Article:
Oregon Department of Agriculture (ODA) is a USDA-accredited certifying agent for organic crop production and organic handling/processing. Organic is a labeling term for food or other agricultural products that have gone through production using cultural, biological, and mechanical practices. Ones that support the cycling of on-farm resources, promote ecological balance, and conserve biodiversity. To emphasize, this is in accordance with the USDA organic regulations.
This means that organic operations must maintain or enhance soil and water quality, while also conserving wetlands, woodlands, and wildlife. Synthetic fertilizers, sewage sludge, irradiation, and genetic engineering may not find use on farms seeking certification. Any operation, or portion of the operation, that produces or handles crops, livestock, livestock products, or other agricultural products. If they are going for sale, labeling, or representation as “100 percent organic,” they must have the certification from any USDA-accredited certifying agent.
Utah Organic Certification System
Utah’s Own connects consumers with local farmers, ranchers, food artisans, and other agricultural producers. When you buy from a Utah Producer, you strengthen the economy. Creating local jobs, increasing food security, and helping preserve farms, ranches, small businesses, and farmland. Helping preserve farms over time. This causes a ripple effect to ensure Utah will have farms and ranches for generations to come.
Locally, produced food is often higher in quality and freshness. Additionally, reducing the distance food travels reduces associated air pollution and greenhouse gas emissions. Local food systems are also linked to reduced food safety risks through production decentralization. Getting to know your local producers gives you a stronger sense of place, relationships, trust, and pride within your community. Simply, with so many incredible producers in Utah, you’re bound to find something new to love. Above all, each time you buy these products you choose to support the local Utah food supply.
California Organic Certification System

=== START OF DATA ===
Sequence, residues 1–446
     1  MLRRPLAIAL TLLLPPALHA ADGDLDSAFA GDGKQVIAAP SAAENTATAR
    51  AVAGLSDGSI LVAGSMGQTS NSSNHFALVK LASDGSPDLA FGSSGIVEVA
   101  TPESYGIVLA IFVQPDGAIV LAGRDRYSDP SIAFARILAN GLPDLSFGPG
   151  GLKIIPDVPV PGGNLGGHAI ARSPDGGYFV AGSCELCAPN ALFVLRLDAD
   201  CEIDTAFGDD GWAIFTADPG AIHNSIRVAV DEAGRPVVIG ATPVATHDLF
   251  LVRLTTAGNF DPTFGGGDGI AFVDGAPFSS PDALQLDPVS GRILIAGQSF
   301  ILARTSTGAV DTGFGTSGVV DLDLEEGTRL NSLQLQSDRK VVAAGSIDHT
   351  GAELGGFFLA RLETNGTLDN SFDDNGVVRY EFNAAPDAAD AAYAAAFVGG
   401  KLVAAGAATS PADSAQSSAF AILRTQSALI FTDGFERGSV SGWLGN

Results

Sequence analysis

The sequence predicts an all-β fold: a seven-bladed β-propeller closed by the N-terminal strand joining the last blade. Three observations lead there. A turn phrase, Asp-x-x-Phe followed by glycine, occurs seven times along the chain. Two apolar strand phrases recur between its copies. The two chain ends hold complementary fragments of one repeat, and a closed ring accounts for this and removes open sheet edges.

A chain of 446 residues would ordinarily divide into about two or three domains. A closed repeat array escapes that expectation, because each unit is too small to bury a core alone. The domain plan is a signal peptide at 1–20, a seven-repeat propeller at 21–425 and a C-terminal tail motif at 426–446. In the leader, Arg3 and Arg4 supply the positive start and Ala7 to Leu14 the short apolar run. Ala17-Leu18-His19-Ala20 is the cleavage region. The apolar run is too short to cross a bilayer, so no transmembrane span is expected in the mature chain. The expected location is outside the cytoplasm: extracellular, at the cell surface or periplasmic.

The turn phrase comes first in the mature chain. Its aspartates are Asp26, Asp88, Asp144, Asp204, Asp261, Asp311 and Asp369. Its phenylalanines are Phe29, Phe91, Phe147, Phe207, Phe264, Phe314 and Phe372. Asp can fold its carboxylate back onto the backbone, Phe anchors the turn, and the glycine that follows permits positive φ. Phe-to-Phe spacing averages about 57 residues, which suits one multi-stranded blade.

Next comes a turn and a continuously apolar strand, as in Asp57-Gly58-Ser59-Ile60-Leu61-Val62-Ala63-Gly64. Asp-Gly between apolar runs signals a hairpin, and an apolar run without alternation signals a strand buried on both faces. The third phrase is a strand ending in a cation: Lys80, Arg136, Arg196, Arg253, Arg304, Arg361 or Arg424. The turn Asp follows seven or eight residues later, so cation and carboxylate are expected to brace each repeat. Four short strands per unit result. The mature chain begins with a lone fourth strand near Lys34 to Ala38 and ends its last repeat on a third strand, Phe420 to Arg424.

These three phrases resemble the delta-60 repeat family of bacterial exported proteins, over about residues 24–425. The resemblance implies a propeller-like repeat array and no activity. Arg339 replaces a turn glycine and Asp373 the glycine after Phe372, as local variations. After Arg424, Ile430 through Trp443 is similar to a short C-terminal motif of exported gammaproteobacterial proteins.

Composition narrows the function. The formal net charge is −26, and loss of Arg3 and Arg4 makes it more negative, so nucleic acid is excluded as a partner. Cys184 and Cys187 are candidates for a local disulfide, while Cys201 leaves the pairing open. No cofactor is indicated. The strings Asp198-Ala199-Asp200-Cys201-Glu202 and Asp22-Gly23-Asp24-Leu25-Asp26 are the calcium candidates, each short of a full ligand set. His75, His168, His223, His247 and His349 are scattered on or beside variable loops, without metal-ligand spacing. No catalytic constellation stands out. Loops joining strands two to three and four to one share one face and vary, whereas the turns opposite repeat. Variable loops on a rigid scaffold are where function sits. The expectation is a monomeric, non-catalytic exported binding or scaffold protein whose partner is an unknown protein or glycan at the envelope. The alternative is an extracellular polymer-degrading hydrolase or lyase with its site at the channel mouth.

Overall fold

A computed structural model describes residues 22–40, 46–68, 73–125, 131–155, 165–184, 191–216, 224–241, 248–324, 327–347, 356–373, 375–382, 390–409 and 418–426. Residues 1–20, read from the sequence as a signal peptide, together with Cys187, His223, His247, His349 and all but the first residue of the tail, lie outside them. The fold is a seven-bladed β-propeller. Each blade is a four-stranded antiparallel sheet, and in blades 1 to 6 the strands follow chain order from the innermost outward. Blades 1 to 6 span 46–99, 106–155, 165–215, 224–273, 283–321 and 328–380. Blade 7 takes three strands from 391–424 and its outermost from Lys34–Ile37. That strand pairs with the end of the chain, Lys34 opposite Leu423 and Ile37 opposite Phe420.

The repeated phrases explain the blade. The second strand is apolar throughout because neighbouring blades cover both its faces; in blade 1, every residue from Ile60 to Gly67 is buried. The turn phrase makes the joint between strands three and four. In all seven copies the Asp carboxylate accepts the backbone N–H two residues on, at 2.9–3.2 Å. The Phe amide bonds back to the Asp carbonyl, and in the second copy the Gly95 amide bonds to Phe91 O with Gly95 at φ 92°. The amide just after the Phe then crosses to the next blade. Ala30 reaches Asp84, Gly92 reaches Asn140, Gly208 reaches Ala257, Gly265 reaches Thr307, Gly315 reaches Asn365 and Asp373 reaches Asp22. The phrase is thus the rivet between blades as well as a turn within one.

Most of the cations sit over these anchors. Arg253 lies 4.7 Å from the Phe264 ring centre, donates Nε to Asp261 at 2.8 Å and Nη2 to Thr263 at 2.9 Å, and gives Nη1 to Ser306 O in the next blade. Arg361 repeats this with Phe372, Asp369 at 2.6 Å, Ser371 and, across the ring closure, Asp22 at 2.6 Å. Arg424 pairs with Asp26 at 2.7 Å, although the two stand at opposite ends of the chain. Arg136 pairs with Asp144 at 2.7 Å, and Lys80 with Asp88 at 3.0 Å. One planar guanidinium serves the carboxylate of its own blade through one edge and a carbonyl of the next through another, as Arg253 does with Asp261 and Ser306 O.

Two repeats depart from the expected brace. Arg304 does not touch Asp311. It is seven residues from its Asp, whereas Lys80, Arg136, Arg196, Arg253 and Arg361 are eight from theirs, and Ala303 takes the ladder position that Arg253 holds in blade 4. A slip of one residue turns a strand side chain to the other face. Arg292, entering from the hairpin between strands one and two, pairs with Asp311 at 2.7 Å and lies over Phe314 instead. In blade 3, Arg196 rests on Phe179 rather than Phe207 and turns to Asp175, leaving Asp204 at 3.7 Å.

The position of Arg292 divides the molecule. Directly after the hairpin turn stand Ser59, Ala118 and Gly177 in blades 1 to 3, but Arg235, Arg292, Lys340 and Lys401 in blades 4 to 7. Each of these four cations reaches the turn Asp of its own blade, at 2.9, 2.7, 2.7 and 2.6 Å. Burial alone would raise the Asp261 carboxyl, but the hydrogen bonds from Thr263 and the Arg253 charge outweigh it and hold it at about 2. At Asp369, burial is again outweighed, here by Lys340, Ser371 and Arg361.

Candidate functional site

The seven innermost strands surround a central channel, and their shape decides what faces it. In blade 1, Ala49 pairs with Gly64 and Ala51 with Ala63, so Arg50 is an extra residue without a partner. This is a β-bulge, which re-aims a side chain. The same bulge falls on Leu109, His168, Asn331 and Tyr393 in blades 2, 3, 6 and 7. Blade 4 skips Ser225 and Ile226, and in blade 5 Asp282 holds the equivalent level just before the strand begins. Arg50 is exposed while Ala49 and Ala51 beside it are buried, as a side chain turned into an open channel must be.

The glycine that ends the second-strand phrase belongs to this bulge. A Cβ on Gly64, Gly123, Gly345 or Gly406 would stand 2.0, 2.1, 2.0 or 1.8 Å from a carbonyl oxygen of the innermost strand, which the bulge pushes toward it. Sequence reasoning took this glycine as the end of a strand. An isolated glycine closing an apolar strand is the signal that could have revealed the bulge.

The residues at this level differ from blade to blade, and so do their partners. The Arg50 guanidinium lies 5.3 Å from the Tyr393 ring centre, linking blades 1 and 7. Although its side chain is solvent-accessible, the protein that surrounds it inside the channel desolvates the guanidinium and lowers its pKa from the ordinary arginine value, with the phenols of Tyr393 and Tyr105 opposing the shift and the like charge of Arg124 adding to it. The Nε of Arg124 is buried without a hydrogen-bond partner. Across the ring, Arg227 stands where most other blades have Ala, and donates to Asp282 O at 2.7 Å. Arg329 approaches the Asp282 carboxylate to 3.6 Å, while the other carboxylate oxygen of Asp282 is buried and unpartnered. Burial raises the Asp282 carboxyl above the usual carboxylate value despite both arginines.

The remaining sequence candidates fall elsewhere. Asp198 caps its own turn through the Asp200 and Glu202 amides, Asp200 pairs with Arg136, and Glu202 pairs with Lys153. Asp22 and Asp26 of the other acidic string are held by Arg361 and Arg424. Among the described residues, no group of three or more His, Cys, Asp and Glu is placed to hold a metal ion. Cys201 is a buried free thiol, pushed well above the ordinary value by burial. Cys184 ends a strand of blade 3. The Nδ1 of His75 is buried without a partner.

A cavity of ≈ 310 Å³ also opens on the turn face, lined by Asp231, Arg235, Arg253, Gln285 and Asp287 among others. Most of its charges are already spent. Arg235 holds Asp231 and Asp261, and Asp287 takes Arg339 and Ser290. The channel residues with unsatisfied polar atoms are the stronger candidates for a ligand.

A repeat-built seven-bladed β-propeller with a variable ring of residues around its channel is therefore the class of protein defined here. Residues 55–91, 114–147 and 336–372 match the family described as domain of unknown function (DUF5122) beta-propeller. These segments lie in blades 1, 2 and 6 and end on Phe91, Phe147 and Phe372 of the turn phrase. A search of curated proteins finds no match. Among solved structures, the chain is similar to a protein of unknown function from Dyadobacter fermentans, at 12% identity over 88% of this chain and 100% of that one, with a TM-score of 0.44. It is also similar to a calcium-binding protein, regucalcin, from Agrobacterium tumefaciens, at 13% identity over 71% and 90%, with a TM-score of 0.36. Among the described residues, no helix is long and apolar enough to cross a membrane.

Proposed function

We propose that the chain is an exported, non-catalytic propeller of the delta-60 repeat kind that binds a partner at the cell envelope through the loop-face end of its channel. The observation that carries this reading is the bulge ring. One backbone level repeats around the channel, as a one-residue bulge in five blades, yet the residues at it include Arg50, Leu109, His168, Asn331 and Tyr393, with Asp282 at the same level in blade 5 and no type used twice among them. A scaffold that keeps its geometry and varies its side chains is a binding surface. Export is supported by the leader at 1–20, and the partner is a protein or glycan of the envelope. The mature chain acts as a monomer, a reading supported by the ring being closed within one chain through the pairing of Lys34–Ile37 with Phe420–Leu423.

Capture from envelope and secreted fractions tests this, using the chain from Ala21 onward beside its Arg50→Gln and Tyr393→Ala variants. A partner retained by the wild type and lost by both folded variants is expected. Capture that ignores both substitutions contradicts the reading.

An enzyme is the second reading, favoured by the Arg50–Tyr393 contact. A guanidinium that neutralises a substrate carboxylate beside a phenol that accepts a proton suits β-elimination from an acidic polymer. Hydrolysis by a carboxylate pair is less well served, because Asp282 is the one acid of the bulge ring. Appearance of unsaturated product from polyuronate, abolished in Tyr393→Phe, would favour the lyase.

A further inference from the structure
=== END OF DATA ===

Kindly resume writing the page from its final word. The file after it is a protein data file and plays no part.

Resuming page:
CCOF advances organic agriculture for a healthy world. Simply, advocating on behalf of the members for organic policies, support the growth of organic through education and grants, and provide organic certification that is personal and accessible. CCOF is a non-profit organization that governs the people who grow and make our food. Founded in California more than 40 years ago. Today, their roots span the breadth of North America and their presence has international recognition.
This program receives support from an organic family of farmers, ranchers, processors, retailers, consumers, and policymakers. Together, they work to realize a future where organic is the norm. CCOF members can connect with other members of the organic community through their regional or Processor/Handler chapters.
Apply for organic certification for your farm, products, or ranch. Learn about the CCOF Foundation and support their work growing the organic movement, or share the word about our programs with your community. In fact, activists should look into our advocacy efforts for opportunities to voice their opinions and become change-makers. 2% for OrganicSimply by choosing CCOF for their organic certification, each CCOF-certified operation gives 2 percent of their certification fees back to the CCOF Foundation.
That 2 percent enables the CCOF Foundation to give grants. The funding goes to:
- Teachers and students studying organic.
- Provide financial assistance to organic farmers
- The development of education programs for prospective organic professionals
- And promote consumer education about organic